John Clarke, who guided NUI Galway to two Collingwood Cup victories in the 90s, believes football coaches need to be extremely diligent when dealing with heading in the game.
A landmark study published by Glasgow University in 2019 following 22 months of research confirmed a link between the sport and brain damage.
Clarke reckons that there will be a surge in dementia cases in retired footballers. “You think of players who spent their whole careers heading the ball,” Clarke says.
“You can see it with top players from 15 or 20 years ago, I think it could be ready to explode really when you think about it.
“I think you could have huge numbers coming unfortunately. I played football using the old footballs, the old heavy ones with laces, that sort of stuff.”
Derry native Clarke is adamant about the need to train teams in a correct manner. “I spend time in Spain and I go to watch teams training and everything is on the deck,” Clarke comments.
“When I go to Spain the city I stay in play in the Spanish third level and everything is done on the deck. At the end of the day the name of the game is football.
“The style of play there is generally played with the feet, they keep it down because they know once it goes up high it gives the other player competing against you an advantage. He can see you and generally you don't see him. It has a lot to do with styles of play.”
It is critical to establish a progressive philosophy with Clarke citing the Spanish model as an example.
“The game started out as a game of football,” Clarke states. “In Derry we used to play a lot of indoor football where the ball was never allowed to go above your shoulder. Things like that might help.
“The style of play being implemented by some at the minute is anti heading in the sense that it is more on the ground. I looked things up and I found a report done by Glasgow University on Scottish, English, and Welsh players.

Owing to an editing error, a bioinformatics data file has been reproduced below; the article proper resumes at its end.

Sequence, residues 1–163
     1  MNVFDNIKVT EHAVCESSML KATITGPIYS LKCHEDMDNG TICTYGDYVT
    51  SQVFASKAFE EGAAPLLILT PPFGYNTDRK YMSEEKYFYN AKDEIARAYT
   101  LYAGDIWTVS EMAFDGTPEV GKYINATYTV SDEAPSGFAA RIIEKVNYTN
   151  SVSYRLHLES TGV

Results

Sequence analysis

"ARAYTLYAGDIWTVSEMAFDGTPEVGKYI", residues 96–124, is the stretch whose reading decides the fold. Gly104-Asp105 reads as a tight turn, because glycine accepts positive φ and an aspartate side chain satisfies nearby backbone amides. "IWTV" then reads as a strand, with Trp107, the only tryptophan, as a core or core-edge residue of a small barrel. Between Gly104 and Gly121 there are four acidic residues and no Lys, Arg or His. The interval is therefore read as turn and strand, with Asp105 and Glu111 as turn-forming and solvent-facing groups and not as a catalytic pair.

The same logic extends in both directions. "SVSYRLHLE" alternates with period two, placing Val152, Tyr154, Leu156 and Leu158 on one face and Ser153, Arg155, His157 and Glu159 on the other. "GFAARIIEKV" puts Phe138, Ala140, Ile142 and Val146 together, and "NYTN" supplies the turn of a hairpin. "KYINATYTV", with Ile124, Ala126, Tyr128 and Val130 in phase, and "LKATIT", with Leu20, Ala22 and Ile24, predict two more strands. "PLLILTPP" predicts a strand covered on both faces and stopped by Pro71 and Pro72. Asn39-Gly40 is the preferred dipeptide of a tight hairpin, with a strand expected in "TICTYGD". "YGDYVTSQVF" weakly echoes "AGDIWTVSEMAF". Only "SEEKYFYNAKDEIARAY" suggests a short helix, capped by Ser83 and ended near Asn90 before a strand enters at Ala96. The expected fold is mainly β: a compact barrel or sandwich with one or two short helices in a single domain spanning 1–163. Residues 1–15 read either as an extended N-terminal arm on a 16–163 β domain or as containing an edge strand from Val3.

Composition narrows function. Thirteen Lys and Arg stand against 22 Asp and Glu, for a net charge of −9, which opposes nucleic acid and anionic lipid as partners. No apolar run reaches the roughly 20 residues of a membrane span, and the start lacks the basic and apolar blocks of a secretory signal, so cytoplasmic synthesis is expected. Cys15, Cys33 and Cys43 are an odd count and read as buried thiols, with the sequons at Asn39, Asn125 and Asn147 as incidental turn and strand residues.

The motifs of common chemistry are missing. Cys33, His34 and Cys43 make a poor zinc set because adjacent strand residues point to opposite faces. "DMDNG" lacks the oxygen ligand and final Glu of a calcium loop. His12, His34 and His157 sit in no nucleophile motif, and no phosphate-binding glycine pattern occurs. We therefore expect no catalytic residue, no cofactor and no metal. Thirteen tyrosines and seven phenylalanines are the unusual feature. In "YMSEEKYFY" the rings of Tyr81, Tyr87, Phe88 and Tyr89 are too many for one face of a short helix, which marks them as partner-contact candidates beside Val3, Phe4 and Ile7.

“I looked up Spanish websites looking for any mention of it in the Spanish ones and all I could really find was the Glasgow University one translated.
“Maybe the Spanish haven't got around to doing any significant work on it yet, but when you look at the way the Spanish play, it is all on the deck.
“There is very little to do with heading. Maybe there was at one time when a great Real Madrid team would have competed against you in the air.
“Now they are more true to themselves with the ball at their feet. I couldn't find any major research done by them, I found the Scottish report translated into Spanish.”
John ‘Jobby’ Crossan was a hero for so many growing up in Derry with Clarke lauding his career. Now, though, Crossan remains an important figure Foyleside assisting former colleagues.
“Jobby captained Manchester City, he played with Middlesbrough, Standard Liege, and Sparta Rotterdam, he has a sports goods shop in Derry,” Clarke says.
“In that sports shop eight or nine guys come in most days - since the virus came in it has put a block on a lot of it - they all come to sit. Jobby gets them tea, they talk.
“He should be on a retainer from the health services because you've seven or eight guys sitting talking, some of them in better shape than others.
“That was something happening in Derry, it created a bit of awareness amongst the families of guys suffering. A lot of them would have played with or against Jobby, who is 82 now.”
Clarke enjoyed a productive stint in charge of NUI Galway when Collingwood and Connacht Senior League honours were gleaned.
The Connacht Senior League assisted many footballers develop into League of Ireland performers and is sadly missed by many, including Clarke, in the west.
“I agree 100 per cent because any team that ever won the Connacht Senior League if they were from around Galway lost at least five players to Galway United,” Clarke recalls.
“You think about Sean O'Neill, Kieran Foley they all did well after the Connacht Senior League. It was a terrible thing when it went.”